This article is more personal. I have some experience with Peterson’s description of suffering, and I believe that what he says is right.
Jordan Peterson is a “controversial figure,” which means that he says things some in the commentary class disagree with. His audience of supporters and haters is as polarized as our politics; his haters see no redeeming arguments or positions, while his most vehement supporters see no fault. Meanwhile, those like me who are supportive in some areas and critical in others feel slightly stuck. None of this is helped by the media. I can count on the fingers of one hand how many pieces out of mainstream outlets that actually wrote about or covered Peterson and his work in good faith. While most reviews and discussions of 12 Rules for Life have tended to be more general, this article is more personal. I have some experience with Peterson’s description of suffering, and I believe that what he says is right.
Putting aside the surface-level political controversies and the fabricated media storms, Jordan Peterson is arguably controversial because his core message is totally at odds with the “you’re okay as you are” self-esteem narrative. According to him, you’re not okay as you are, far from it; but you could be better, much better. The other thing is he speaks the truth about the fundamental reality of life: Suffering is inherent to life itself, and it can drag you down into resentment if you let it. Sometimes, suffering comes along and hammers you with no provocation, while in other cases you were the cause through your own arrogance or stupidity. Sometimes, you can conspire with the pain to make it all worse, and the worst part is that there’s a small piece of you that rejoices in the degeneration.
Some who hear what Peterson has to say might feel some resentment, hear a bitter inner voice grating, “Yeah, but it’s all very well for him to go on about suffering, he hasn’t experienced my suffering.” I’ve experienced a fair bit of pain and distress as a result of my disability. When I heard Peterson’s thoughts on what suffering is and why we experience it, the harsh clarity of the message was almost a relief. As I’ve grown, the realization dawned that, “Yes, I know what pain, suffering, and distress are like from experience, but that I do not have a monopoly on these things.”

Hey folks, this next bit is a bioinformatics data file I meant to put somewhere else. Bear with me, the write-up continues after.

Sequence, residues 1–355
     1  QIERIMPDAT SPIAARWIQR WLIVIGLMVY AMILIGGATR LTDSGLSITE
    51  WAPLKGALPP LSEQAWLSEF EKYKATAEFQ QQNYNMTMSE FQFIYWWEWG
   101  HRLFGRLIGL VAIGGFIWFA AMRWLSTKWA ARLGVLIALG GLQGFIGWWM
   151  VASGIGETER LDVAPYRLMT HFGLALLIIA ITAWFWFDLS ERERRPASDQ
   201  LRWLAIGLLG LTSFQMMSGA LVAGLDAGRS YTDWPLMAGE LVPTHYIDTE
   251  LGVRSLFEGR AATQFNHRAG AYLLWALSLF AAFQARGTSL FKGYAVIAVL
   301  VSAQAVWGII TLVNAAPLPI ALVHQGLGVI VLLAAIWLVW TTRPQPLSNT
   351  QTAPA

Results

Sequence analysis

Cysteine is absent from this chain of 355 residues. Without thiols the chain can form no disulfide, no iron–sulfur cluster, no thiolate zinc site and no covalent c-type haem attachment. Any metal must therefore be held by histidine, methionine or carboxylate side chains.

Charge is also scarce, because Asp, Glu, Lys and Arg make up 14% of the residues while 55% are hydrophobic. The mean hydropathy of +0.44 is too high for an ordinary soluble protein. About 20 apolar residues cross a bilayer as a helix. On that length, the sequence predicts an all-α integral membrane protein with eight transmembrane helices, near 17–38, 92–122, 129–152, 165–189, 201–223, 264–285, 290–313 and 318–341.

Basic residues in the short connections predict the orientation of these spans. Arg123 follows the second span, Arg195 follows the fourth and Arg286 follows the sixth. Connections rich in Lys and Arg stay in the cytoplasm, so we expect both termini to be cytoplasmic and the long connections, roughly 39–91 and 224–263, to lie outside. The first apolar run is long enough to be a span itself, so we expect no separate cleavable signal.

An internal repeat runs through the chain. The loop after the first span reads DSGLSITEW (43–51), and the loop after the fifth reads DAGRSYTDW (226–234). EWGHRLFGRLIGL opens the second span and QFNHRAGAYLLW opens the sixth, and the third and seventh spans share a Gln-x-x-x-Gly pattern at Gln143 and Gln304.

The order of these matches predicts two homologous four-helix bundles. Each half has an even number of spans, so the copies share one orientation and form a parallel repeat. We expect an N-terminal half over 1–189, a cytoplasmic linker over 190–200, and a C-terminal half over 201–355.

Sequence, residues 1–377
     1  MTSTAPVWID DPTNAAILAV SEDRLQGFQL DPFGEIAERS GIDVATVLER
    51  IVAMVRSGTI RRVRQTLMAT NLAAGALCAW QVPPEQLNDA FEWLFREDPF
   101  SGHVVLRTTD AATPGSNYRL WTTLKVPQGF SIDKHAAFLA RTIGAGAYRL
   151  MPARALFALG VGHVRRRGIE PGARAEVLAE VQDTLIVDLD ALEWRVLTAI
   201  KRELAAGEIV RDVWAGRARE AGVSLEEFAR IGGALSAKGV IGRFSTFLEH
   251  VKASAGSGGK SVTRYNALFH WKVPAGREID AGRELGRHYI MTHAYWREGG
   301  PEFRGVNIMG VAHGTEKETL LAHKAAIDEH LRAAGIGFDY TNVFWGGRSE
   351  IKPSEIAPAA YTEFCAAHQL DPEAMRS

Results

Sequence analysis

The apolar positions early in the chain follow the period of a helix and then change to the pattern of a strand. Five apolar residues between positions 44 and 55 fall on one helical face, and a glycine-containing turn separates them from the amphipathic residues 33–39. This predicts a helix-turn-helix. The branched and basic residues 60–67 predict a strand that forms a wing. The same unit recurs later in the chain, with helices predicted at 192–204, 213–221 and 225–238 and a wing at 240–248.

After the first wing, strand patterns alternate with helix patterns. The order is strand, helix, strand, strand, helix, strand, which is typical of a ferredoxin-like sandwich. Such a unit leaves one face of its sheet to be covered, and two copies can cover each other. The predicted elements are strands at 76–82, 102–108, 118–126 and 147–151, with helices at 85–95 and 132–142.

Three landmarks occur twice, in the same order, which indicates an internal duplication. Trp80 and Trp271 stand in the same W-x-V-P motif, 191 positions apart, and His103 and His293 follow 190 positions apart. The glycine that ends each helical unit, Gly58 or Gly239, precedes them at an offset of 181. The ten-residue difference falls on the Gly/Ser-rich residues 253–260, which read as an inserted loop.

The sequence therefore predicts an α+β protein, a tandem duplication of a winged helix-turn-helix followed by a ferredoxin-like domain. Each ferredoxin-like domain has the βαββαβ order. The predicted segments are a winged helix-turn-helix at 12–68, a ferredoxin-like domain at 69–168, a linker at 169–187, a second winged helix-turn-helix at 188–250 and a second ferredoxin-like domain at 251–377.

Peterson’s attitude and explanation, in his own way, echoed this belief. I discovered that Peterson had a view of suffering that not only refused to accept pity and victimhood narratives. His view was bracing in its honest acceptance and in its call to move through it. All this talk of pain could sound morbid, and it is admittedly dark. It has a depth however, thanks to Peterson’s knowledge of psychology, biology, and myth that much of today’s therapeutic culture lacks in its discussion of what ails us. Peterson takes the reality of suffering and makes it solid, something that can be grappled with. All too often today, most who speak of pain do so in a way that conforms to our liquid modernity, encouraging us to drown in self-pity.
The last chapter in 12 Rules for Life, “Pet a cat when you encounter one in the street,” deals with his daughter Mikhaila and the torment of her juvenile Rheumatoid Arthritis that she was diagnosed with aged 7. It affected around 37 joints, including her hip and her ankle. As a result, she had to have her hip replaced as a teenager. Her ankle was the most troubling, with no one seemingly able to offer a solution that would not involve a serious loss of quality of life.